Commoditized, yes, dieing, I think not.
(full disclosure: I use OpenIndiana/COMSTAR/FC as the storage-backend for VMWare. Works nicely.)
Far from dying.
I'm certainly seeing more of the PCI based cards as well, but as most customers who take this approach are discovering, they're not shared and as a result, constrained to the host/s the card is installed in and of course the lack of or limited protection offered by these cards.
Where as, from a SAN perspecitve, there may be an inherit higher latency than PCIe Cards accessed directly as SAN based has to account for the latency introduced by having to go from Bus>HBA>Fibre>Switch>Fibre>Array>disks and then back again, but the SAN based solution offers protection against a single point of failure. These Cards (FusioIO/VeloDrive etc.) do not.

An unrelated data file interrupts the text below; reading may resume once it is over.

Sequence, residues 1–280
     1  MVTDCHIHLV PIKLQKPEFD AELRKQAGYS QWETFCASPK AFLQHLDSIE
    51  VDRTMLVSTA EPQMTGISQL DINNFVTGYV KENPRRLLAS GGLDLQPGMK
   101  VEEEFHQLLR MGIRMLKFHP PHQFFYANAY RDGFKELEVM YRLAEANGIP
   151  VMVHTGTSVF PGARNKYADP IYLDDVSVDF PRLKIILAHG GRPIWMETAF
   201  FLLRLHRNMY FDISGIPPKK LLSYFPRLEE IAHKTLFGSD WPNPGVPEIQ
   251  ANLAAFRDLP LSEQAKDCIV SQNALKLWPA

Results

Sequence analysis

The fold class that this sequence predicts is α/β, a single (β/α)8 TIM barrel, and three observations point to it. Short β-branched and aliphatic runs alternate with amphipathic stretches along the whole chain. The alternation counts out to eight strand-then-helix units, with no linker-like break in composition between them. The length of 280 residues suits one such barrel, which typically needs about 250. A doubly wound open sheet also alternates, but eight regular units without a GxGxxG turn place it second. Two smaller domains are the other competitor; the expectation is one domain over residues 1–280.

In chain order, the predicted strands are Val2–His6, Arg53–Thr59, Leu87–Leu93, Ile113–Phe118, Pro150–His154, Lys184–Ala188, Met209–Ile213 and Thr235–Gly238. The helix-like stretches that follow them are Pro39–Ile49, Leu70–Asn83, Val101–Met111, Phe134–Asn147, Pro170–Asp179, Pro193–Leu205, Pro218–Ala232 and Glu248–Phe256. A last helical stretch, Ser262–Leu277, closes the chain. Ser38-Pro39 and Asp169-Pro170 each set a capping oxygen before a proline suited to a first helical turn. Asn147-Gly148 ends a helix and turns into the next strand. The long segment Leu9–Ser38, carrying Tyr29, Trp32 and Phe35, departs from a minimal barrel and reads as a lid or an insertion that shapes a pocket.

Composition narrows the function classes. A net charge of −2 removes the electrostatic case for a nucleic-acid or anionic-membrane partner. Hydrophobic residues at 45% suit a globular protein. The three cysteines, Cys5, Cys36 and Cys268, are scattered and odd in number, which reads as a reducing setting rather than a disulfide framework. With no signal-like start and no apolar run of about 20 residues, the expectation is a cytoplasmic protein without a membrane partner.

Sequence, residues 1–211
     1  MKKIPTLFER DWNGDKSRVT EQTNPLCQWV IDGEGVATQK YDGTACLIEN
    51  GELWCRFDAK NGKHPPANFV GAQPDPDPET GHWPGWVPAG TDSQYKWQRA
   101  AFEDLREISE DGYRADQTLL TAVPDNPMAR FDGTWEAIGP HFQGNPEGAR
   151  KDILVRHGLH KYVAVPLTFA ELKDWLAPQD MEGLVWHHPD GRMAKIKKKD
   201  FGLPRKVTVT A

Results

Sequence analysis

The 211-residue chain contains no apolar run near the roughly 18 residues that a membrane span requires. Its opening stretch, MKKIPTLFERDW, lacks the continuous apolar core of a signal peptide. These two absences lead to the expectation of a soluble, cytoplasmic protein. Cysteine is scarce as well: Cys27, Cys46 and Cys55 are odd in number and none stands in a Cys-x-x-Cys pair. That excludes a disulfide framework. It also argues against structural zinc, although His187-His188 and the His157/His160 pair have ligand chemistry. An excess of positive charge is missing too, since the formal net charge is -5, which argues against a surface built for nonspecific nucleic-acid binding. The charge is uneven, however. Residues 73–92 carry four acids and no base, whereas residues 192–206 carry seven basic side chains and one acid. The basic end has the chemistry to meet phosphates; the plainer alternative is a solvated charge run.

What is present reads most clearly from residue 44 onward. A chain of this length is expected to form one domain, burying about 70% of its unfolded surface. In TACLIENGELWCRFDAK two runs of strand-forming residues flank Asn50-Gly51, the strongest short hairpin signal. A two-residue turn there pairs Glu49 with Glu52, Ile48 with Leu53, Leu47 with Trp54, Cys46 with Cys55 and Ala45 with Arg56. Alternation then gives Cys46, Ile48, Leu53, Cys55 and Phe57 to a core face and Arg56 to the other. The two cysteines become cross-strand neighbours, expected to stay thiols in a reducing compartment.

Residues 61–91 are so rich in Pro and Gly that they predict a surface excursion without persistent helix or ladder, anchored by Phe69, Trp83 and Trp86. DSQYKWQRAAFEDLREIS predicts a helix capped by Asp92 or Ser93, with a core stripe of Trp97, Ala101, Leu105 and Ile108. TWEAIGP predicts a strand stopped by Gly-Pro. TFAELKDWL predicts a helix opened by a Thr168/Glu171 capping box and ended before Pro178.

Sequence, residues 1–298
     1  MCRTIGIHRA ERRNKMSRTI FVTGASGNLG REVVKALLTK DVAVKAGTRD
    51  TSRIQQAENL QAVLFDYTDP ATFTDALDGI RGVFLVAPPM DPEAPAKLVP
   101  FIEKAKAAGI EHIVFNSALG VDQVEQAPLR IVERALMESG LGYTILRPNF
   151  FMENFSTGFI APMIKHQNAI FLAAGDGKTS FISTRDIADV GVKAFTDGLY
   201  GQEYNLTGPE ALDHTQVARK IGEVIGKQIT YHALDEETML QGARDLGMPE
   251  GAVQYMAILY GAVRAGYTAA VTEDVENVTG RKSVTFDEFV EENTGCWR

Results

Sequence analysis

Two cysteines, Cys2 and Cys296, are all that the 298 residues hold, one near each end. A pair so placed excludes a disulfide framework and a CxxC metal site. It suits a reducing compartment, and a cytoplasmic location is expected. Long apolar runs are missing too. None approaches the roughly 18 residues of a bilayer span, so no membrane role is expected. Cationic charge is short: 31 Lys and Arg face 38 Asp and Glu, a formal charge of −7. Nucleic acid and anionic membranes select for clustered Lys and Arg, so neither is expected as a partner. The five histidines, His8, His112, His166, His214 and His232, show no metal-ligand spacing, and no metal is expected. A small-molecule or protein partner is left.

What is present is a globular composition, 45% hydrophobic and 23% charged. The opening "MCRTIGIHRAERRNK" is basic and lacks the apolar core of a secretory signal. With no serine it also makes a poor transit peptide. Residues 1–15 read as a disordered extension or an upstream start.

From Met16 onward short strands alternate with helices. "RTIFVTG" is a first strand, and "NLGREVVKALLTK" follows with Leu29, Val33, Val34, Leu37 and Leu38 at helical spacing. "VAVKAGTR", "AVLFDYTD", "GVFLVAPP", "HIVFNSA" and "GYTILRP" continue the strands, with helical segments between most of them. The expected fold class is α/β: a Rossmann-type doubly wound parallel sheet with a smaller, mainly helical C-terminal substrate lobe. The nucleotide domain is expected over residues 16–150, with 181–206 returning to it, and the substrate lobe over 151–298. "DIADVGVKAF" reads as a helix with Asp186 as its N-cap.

And as an added benifit, they share the available capacity and performance, where as the cards do not. For example. the smallest FusionIO Drive is 160GB, but if you only need 40GB, then you waste 120GB, where as in a SAN environment, if you have the same, you could re-use that 120GB else where on another application that could do with it.
And, again, get the protection of not having a single point of failure.
What Project Lighning is doing is introducing a hybrid of the best of both worlds:
-Caching frequently used data closer to the application using it; via the PCIe bus with a lower latency and;
-Providing all of the goodness and protection that a SAN array provides. (ie. No single point of failure)
An easy mistake/misspeak to intentionally make in the Vested Virtual InterNetional Security Interest